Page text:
Cartee, Cornelius S., 3LD. . . • . . 
Cary, Thomas G., Cambridge ..... 

Caulfield, Richard, LL.D., Cork, Ireland 
Chadwick, Lieut. F. E., Washington, D.C. : 
Chamberlain, Hon. Joshua L., LL.D., Brunswick, Me 
Chamberlain, Hon. Mellen . . . .16 broadsides 

Chandler, Horace P. . 

Chandler, Hon. Peleg W. .... 

Chapin, Alfred C, New York City 
Chapman, A. F. ..... 

Chelsea, City of . » . 

Cheney, Mrs. E. D 

Cheney, Rev. Oren B., D.D., Lewiston, Me 
Chevaillier, Miss A. A. . 
Chicago Historical Society, Chicago, III. . 
Child, Prof. Francis J., Cambridge . 
Christern, F. W., New York City 
Christian Register Association . 
Cincinnati, Ohio, Public Library 

Clapp, Herbert C, M.D 

Clark, Rev. George Faber, Mendon . 
Clarke, Rev. James Freeman, D.D. . 



D. 



1 newspaper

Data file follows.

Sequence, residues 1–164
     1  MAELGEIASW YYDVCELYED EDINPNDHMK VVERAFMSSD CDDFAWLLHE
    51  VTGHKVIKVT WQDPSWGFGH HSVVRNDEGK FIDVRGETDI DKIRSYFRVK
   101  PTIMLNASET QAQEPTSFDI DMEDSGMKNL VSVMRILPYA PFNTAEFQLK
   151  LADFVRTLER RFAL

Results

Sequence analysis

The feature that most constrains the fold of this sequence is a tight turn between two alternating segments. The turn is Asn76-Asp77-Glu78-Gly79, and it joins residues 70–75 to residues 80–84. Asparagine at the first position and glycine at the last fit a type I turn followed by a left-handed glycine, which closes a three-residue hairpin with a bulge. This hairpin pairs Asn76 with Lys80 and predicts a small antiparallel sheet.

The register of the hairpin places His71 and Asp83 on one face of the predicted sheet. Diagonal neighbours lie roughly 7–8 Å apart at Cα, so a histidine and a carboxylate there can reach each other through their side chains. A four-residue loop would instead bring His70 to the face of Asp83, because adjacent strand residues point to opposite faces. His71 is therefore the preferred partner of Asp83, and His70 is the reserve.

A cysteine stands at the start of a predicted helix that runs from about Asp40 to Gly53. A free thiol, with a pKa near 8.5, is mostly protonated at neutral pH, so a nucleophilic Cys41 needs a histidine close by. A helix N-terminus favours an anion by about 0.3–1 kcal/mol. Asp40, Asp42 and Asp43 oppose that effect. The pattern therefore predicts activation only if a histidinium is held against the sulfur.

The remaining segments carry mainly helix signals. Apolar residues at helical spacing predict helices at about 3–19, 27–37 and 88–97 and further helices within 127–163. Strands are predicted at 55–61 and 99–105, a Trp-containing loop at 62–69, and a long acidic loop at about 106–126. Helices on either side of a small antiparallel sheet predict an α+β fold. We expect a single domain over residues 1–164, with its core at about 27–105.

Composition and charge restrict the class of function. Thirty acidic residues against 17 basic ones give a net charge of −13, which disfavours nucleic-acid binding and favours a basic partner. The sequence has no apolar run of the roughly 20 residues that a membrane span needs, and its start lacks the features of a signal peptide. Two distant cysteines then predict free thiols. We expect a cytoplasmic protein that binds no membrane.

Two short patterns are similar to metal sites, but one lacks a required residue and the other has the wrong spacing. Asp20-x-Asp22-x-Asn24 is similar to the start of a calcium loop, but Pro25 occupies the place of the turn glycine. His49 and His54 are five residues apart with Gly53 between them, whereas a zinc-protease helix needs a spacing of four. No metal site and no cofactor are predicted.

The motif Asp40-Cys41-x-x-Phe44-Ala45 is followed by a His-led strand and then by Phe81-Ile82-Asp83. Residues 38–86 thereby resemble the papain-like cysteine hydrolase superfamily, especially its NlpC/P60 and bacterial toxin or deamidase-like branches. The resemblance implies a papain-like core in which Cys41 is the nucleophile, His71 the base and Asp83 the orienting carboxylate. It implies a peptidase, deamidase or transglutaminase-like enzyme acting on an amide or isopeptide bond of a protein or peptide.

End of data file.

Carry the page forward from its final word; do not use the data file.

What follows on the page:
1 map 




Pphs 



163 
1 
4 

1 

102 

1 
3 



16 
2 

2" 
1 

1 
2 
1 

1 



9 
37 



16 



49 
1 



1 

182 



50 
2 



15 

20 
32 



11 



1 

30 



59 
1 
3 
1 
2 

18 
1 
1 
2 



Public Library. 



59 



Givers. 




France 



6 broadsides, 1 map 
. 28 broadsides 



maps 



Clarke, Robert, Cincinnati, Ohio 
Cleaves, Emery .... 
Cobden Club, London 
Coffin, Charles C. . . . 
Colbert, Mme. la Marquise de, Paris 
Concord Free Public Library 
Connecticut State Library, Hartford 

Cook, G 

Cook, George J. . . . 

Coolidge, David H. . 

Coolidge, Henry J. . . . 

Coolidge, Mrs. J. H. . 

Corey, Charles A., Bedford 

Crofton, Henry T., Manchester, England. 

Crosby, John L., Bangor, Me. . 

Cross, James M., Providence, R.I. 

Culley, Eli, Fitchburg 

Curtis, Col. H. P., Washington, D.C. 

Gushing, William, Cambridge . 

Cutter, Abram E. . . .